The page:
Wisconsin Lawyer: Ethics Keeping Blog Posts Ethically Clean:

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Format: MM/DD/YYYY
    November
    01
    2014

    Ethics
    Keeping Blog Posts Ethically Clean

    Never provide information in blog posts that enables readers to identify specific clients or that criticizes judges.

    Dean R. Dietrich

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    Question

    Many lawyers write blogs about their law practices. Are there ethical traps that can arise when blogging?

    Answer

    Blogging has become a very popular activity for lawyers. Unfortunately, it also can be a trap that can result in problems. Blogging can be done without getting in trouble provided the lawyer is careful about the topics he or she writes about and care is taken to avoid certain types of commentary.

    The biggest concern for a lawyer engaged in blogging is to avoid discussion of any information that could constitute a breach of the duty of confidentiality under SCR 20:1.6. A lawyer may not disclose any information relating to the representation of a client unless it is specifically authorized by the client or is impliedly authorized in order to provide for representation of the client and accomplish the goals of the representation that the client establishes.

    Another major concern is a discussion about cases that a lawyer has handled or is handling and disclosing information that might identify a client, because it is highly unlikely that the blogging activity would be impliedly authorized to further the representation’s goals and objectives. This does not mean that lawyers cannot blog about legal issues and their experience with legal issues, but lawyers must be very careful that no information about particular clients is disclosed. Lawyers also must be careful to not disclose information that could result in someone readily identifying the client and determining the nature of the representation.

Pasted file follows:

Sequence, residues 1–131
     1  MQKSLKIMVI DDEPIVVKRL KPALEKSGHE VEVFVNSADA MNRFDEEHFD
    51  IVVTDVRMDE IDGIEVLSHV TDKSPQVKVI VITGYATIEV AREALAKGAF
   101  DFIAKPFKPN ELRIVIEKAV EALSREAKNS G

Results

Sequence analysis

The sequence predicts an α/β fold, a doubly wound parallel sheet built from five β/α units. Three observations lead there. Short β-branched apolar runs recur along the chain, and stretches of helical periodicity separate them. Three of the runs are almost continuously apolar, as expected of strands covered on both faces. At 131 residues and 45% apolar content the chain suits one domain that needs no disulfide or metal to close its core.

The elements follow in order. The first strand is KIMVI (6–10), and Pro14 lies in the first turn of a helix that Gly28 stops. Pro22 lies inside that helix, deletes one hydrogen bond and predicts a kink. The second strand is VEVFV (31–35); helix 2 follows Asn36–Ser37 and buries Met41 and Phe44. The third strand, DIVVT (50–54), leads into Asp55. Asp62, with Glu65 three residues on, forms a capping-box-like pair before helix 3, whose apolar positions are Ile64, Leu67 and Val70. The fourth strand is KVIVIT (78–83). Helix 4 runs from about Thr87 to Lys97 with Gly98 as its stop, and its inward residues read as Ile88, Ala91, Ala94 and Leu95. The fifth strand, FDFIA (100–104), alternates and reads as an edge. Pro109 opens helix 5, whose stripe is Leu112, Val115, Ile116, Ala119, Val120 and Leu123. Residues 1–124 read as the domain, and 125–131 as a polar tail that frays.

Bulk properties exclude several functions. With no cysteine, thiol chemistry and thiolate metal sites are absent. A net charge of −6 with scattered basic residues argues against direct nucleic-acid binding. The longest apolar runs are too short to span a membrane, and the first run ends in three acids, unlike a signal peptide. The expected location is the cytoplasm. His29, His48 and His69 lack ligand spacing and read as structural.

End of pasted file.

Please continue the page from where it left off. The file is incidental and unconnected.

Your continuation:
Dean R. Dietrichcom ddietrich ruderware Dean R. Dietrich, Marquette 1977, of Ruder Ware, Wausau, is past chair of the State Bar Professional Ethics Committee.

    Another area of concern is the use of a blog to criticize a judge. Recently, the Indiana Supreme Court imposed a one-year suspension on an Indiana lawyer for criticizing a judge on the lawyer’s blog. The lawyer made statements about the court and claimed that a certain judge had “committed malfeasance” while making decisions about the status of an estate when the lawyer was representing one of the parties involved in litigation over the estate. The Indiana Supreme Court severely criticized the statements the lawyer made in his blog.

    Wisconsin has a specific rule about statements made by a lawyer involving a judge. SCR 20:8.2 of the Wisconsin Rules of Professional Conduct provides as follows:

    “(a) A lawyer shall not make a statement that the lawyer knows to be false or with reckless disregard as to its truth or falsity concerning the qualifications or integrity of a judge, a judicatory officer or public legal officer, or of a candidate for election or appointment to judicial or legal office.”

    This language, coupled with other rules such as SCR 20:8.4(c) regarding misrepresentation, make it very clear that a lawyer may not criticize a judge in most circumstances and doing so could result in significant sanctions. Lawyers must be very careful as to what they put in blog posts to ensure they do not violate the Rules of Professional Conduct.




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